Milestone-Proposal talk:MPD7720 DSP
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Evaluation from Consulted Experts on Docket # 2018-14 (“World’s first commercial digital signal processor chip, μPD7720, with a 16x16-bit multiplier, 1980" -- Naohisa (talk) 02:29, 8 August 2019 (UTC)
Evaluation of Docket # 2018-14 (“World’s first commercial digital signal processor chip, μPD7720, with a 16x16-bit multiplier, 1980”) for IEEE Milestone
Consulted expert: Naohisa Ohta
Around 1980, I was engaged in research and development of speech coding systems for digital communications. In order to optimize the coding scheme, the algorithm was always modified in the research process for evaluation. A high-speed and flexible digital processing device was the key to success for such real-time applications. I witnessed how the digital signal processor μPD7720 had an impact in the actual situations as described in the proposal and in the advocate recommendation as well.
The μPD7720 was the first commercially available digital signal processor chip that had capability of high-speed digital signal processing with flexibility (programmability). The chip had a unique processing architecture such as a 16x16-bit parallel multiplier and a novel data bus connections that made it possible to efficiently perform multiply-and-add operations that are essential in signal processing.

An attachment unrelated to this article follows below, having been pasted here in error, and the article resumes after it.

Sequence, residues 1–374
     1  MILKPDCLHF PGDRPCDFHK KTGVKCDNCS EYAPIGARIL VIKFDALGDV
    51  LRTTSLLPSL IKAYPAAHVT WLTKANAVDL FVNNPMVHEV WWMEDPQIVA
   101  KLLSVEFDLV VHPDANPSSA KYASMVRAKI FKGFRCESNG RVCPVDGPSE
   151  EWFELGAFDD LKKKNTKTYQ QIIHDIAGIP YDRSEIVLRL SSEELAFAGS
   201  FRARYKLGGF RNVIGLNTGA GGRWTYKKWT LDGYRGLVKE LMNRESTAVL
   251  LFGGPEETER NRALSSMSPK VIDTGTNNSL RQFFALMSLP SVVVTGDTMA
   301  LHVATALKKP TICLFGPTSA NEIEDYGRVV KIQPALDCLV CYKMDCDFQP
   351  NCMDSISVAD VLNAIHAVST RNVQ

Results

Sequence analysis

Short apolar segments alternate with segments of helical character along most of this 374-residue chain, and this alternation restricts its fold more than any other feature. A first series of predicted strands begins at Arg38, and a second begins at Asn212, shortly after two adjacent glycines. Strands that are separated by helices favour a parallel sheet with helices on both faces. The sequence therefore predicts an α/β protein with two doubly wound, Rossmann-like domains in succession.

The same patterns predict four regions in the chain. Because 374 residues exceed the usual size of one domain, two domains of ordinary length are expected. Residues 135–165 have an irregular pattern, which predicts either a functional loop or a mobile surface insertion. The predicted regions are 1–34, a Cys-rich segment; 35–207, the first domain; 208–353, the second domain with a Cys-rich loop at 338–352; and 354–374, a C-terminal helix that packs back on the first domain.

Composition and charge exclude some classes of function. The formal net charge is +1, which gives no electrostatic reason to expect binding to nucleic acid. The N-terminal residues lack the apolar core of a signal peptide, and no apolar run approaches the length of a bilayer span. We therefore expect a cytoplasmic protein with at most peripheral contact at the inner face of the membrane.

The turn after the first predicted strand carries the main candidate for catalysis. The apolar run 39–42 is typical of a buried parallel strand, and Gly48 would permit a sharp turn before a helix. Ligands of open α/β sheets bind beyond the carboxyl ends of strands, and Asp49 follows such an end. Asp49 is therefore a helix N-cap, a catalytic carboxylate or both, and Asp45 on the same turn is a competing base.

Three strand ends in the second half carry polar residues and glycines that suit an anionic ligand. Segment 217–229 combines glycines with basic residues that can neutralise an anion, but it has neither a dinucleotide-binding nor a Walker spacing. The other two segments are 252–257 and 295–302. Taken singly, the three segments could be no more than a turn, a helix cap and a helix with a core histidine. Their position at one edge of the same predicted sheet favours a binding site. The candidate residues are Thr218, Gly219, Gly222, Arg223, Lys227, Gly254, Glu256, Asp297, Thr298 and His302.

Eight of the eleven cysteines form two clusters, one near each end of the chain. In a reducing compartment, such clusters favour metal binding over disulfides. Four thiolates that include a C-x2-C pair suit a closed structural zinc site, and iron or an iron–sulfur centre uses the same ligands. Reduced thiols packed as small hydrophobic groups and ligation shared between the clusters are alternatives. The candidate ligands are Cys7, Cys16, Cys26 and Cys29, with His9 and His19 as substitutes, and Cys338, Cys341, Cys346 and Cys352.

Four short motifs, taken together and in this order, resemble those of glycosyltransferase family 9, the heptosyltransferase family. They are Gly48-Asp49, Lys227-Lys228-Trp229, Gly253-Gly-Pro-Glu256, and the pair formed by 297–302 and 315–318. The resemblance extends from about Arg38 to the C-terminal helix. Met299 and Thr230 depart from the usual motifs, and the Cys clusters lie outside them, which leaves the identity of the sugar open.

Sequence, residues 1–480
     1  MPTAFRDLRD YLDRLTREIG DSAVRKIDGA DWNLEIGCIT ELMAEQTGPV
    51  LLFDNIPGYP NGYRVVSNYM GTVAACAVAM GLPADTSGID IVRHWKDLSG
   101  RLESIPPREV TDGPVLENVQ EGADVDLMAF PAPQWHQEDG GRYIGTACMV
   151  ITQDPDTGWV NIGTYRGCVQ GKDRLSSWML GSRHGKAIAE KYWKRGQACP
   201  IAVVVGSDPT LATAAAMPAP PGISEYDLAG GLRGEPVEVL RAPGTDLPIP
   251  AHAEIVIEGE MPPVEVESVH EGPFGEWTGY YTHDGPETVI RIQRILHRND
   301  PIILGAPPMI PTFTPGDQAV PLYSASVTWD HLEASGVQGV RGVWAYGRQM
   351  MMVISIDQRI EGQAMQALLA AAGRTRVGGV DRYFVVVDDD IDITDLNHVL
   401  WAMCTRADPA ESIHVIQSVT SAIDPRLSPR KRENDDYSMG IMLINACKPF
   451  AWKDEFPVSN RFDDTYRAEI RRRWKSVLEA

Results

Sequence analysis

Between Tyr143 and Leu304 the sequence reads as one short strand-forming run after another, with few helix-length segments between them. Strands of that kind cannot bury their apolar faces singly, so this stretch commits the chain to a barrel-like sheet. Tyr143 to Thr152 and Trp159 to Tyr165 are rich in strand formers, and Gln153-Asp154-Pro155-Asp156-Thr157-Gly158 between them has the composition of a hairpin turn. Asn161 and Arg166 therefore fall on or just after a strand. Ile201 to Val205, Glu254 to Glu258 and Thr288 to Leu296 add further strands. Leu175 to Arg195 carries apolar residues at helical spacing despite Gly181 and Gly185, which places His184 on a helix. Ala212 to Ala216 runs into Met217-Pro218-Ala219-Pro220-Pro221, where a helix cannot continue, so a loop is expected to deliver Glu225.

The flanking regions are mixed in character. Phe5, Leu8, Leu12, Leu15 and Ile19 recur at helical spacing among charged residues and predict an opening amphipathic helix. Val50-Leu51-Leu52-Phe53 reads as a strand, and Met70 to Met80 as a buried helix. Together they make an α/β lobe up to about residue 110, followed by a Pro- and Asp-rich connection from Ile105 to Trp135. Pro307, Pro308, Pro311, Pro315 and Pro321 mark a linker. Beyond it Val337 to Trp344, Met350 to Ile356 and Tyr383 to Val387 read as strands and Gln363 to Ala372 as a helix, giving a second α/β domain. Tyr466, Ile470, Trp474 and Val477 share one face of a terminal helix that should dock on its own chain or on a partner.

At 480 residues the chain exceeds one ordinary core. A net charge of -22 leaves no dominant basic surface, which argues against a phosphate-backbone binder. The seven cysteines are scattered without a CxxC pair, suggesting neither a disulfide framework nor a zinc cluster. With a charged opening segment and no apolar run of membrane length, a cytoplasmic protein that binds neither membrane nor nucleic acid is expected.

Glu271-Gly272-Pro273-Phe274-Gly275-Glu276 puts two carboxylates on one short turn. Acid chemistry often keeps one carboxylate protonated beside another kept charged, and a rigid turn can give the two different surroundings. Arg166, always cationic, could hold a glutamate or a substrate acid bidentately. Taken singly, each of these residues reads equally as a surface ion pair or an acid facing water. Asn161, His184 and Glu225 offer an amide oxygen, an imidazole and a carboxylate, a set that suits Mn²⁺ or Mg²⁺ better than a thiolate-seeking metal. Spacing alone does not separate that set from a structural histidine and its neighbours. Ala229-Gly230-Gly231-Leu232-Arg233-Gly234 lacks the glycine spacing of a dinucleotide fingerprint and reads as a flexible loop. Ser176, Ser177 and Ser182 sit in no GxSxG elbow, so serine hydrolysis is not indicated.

Most impressively, μPD7720 became commercially available from a very early stage (1980) and it was the only digital signal processing chip commercially available for 4 years. During that period, μPD7720 (and its family chips) stimulated a variety of signal processing applications not only in research but also in product development, leading to improved cost-performance. It made an impact to a wide variety of signal processing equipment in communication and broadcasting, especially in voice-band data modems and ADPCM speech codecs, leading to the digital signal processing era.
As a consulted expert in the research of signal processing and telecommunication applications, I strongly support this IEEE Milestone proposal.
Re: Evaluation of Docket # 2018-14 (“World’s first commercial digital signal processor chip, μPD7720, with a 16x16-bit multiplier, 1980”) for IEEE Milestone -- Takao Onoye (talk) 01:22, 27 August 2019 (UTC)
Consulted Expert: Takao Onoye
In 1980, NEC presented the world first commercial single chip DSP, uPD7720, at ISSCC1980, which are 3 years ahead of the introduction of Texas Instruments' TMS320. Around that time, the state-of-arts processors are i8086, Z8000, and MC68000, and none of PCs were available.
Tthe uPD7720 fixed-point DSP, which integrates a high-speed multiplier on a chip, expanded the market of DSPs. It is notable that the DSP was developed by a consumer electronics company and hence was used not only in a telephony but also in various applications including data processing (e.g. modems and disk drive controller) and media processing (e.g. speech processing and graphics controllers).
In this sense, the uPD7720 laid the first foundation of current wide spread of DSPs and I am sure that it can be regarded as the good candidate of an IEEE milestone.
Takao Onoye, Dr.Eng. Executive Vice President for Research, Osaka University, 2019-2020 Chair, IEEE Japan Council, 2019 Vice Chair - Professional Activities, IEEE Region 10
Advocate Recommendation of Docket # 2018-14 (“World’s first commercial digital signal processor chip, μPD7720, with a 16x16-bit multiplier, 1980”) for IEEE Milestone -- Shirakawa (talk) 04:42, 25 September 2019 (UTC)